Articles Tagged with legal ethics

My post yesterday about Kentucky having adopted the duty of technology competence brought an email alerting me that Indiana had also adopted the duty, bringing the total to 31. The complete list of states that have adopted this duty can be found here. A hat tip to William C. Wagner, partner at Taft Stettinius & […]

Just a week ago, I reported on the 29th state to have adopted the duty of technology competence, as part of my ongoing tally of states, and now there is the 30th to add: Kentucky. The duty took effect on Jan. 1, 2018, having been adopted by the Supreme Court of Kentucky on Nov. 15, 2017 […]

As I continue my effort to keep a tally of the states that have adopted the duty of technology competence. I’ve just learned, belatedly, of another. On Sept. 26, 2017, the Supreme Court of Missouri adopted the amendment.  It amends Rule 4-1.1 of Missouri’s Rules of Professional Conduct by revising Comment 6, Maintaining Competence, to be in accord with ABA […]

I’ve written any number of posts about the duty of technology competence under ABA Model Rule 1.1, Comment 8, and I’ve been tracking its adoption by the states. But one aspect of this duty that does not get as much attention is how lawyers can get and remain technologically competent. There have been several developments on this […]

In my continuing effort to keep a tally of the states that have adopted the duty of technology competence, I’ve discovered another, Nebraska, which brings the total to 28 states. The Nebraska Supreme Court adopted the amendment on June 28, 2017.  It amends comment 6 to Nebraska Rule of Professional Conduct § 3-501.1 — the corollary […]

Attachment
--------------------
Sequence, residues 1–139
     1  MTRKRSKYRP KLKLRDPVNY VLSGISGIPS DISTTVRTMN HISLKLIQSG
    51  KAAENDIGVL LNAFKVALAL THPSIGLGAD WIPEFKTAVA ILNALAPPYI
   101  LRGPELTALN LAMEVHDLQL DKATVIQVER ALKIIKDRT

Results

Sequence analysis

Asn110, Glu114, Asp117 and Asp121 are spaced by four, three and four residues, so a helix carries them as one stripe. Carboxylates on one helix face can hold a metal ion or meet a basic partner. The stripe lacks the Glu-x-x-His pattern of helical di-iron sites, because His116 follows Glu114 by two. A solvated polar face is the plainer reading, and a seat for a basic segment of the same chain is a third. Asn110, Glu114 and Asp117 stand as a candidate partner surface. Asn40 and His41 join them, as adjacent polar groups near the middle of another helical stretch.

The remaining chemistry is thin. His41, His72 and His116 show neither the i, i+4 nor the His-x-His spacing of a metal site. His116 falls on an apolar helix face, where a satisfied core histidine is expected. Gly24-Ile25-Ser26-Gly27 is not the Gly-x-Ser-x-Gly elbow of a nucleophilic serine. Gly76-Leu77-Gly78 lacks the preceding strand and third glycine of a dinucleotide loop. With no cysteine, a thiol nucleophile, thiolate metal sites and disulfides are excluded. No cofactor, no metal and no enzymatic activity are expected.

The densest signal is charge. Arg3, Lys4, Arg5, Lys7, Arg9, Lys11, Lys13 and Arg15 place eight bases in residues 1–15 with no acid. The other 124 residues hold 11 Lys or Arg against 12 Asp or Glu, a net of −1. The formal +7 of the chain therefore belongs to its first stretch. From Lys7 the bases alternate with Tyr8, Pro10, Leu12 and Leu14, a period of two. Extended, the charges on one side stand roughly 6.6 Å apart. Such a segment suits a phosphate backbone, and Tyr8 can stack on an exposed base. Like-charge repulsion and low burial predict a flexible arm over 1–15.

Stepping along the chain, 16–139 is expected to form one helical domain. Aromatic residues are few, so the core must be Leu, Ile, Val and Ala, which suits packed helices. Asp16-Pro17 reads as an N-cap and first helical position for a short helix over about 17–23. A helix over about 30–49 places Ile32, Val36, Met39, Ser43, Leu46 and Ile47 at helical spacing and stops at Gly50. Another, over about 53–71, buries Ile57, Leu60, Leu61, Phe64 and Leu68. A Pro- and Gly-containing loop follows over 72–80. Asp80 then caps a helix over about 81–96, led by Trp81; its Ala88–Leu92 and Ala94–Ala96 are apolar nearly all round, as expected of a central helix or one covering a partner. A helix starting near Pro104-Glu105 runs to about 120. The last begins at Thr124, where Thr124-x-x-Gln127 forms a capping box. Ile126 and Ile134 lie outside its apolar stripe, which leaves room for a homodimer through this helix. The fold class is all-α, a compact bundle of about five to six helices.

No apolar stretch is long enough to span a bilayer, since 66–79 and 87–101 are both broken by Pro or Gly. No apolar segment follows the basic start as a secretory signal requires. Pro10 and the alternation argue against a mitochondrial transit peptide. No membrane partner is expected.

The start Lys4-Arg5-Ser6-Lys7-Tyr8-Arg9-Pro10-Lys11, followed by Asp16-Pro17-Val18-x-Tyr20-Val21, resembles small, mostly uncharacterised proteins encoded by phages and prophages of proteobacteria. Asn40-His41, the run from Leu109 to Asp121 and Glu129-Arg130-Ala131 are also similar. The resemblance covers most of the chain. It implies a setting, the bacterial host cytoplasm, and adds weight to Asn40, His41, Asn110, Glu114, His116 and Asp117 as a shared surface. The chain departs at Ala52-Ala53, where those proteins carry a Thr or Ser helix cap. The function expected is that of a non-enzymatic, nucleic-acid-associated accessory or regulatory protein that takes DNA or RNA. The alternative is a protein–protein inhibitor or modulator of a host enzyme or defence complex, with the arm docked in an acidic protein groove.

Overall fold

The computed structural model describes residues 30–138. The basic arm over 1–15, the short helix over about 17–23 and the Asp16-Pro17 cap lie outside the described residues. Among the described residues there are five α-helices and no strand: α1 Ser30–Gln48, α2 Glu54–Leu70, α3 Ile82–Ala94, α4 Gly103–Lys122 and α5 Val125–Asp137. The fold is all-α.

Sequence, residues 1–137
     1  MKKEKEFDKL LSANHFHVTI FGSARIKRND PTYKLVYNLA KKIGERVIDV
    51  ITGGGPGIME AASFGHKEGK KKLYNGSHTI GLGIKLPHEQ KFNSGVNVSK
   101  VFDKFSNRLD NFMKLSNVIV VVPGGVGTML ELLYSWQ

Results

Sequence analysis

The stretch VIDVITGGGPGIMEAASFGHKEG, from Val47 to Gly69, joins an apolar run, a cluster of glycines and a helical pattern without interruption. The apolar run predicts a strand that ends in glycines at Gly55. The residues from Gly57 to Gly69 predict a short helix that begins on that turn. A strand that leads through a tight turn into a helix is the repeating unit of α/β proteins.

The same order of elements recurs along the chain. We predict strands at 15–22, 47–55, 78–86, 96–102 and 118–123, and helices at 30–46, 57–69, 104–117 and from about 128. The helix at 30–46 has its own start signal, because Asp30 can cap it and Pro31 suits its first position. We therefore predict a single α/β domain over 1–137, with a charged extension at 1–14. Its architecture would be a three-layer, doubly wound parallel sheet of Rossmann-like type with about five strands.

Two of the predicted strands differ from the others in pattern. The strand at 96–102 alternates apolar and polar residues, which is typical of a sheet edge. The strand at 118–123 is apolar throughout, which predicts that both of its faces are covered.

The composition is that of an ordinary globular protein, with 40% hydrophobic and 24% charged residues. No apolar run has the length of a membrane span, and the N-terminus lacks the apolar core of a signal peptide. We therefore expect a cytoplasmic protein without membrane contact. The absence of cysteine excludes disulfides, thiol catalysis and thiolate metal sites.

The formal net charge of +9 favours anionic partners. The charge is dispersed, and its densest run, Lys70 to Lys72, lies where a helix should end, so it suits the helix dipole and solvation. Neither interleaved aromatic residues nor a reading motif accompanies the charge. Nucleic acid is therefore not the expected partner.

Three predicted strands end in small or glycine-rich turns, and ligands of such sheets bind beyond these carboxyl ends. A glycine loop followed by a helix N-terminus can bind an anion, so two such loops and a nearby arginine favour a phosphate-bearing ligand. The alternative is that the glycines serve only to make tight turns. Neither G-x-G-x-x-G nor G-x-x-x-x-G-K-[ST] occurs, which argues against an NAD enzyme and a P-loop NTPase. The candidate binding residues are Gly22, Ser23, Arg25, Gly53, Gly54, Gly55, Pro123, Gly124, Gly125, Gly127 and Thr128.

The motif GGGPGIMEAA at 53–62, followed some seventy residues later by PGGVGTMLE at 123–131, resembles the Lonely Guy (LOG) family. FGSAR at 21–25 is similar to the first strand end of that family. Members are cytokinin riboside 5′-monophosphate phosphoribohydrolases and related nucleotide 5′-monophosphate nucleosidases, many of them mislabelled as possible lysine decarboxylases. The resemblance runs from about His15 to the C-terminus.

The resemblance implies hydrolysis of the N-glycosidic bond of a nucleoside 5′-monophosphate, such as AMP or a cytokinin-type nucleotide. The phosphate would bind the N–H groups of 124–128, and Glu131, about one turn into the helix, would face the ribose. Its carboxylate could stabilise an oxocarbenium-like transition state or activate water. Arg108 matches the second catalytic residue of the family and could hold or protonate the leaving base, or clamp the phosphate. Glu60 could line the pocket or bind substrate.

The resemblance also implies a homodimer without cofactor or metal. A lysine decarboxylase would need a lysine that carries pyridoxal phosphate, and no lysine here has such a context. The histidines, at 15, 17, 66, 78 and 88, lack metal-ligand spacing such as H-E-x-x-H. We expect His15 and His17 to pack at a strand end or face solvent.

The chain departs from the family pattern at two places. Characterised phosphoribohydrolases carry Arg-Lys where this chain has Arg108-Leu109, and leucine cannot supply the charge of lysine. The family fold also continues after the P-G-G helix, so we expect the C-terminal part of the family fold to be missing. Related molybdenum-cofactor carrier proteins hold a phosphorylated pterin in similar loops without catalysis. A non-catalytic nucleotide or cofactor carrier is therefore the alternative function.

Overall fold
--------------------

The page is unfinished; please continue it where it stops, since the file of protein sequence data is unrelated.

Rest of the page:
During the past week, I’ve had the great honor and pleasure of presenting a four-hour program on legal ethics and technology to members of the Solo & Small Firm Section of the Florida Bar. What made this program particularly special was that it took place during a 10-day cruise along the Danube River, from Vilshofen, […]

The American Bar Association’s Standing Committee on Ethics and Professional Responsibility has issued a major new opinion providing guidance on the steps lawyers should take to protect client confidentiality in electronic communications. The new opinion, Formal Opinion 477 (embedded copy below), updates Formal Opinion 99-413, issued in 1999, to reflect changes in the digital landscape as […]

Do you have attachment issues? Email attachments, that is. Or questions about encryption, client portals and other forms of client communications? Tomorrow, from 1 to 2:30 p.m. Eastern, Above the Law (@atlblog) and I (@bobambrogi) are hosting a Twitter chat, sponsored by Citrix (@sharefile), called “Attachment Issues: Ethics of Client Communications for Lawyers.” The primary themes […]

Add Tennessee to the list of states that have adopted the duty of technology competence, bringing the total to 27 states. And keep an eye on our neighbors to the north — Canada may be on its way to adopting a parallel duty. (See the full tally of states here.) In Tennessee, the Supreme Court […]

As this blog continues to follow the states that adopt the duty of technology competence for lawyers, there is another to add: Colorado. That brings to 26 the number of states that have adopted some version of Comment 8 to ABA Model Rule 1.1. Actually, Colorado adopted the rule last April. I missed that one […]

Just last week, I reported that Oklahoma had adopted the duty of technology competence  for lawyers, becoming the 24th state on my ongoing tally of states that have adopted the ABA Model Rule. Now there is another. Yesterday, the Supreme Court of Florida ordered adoption of the duty of tech competence for that state, effective […]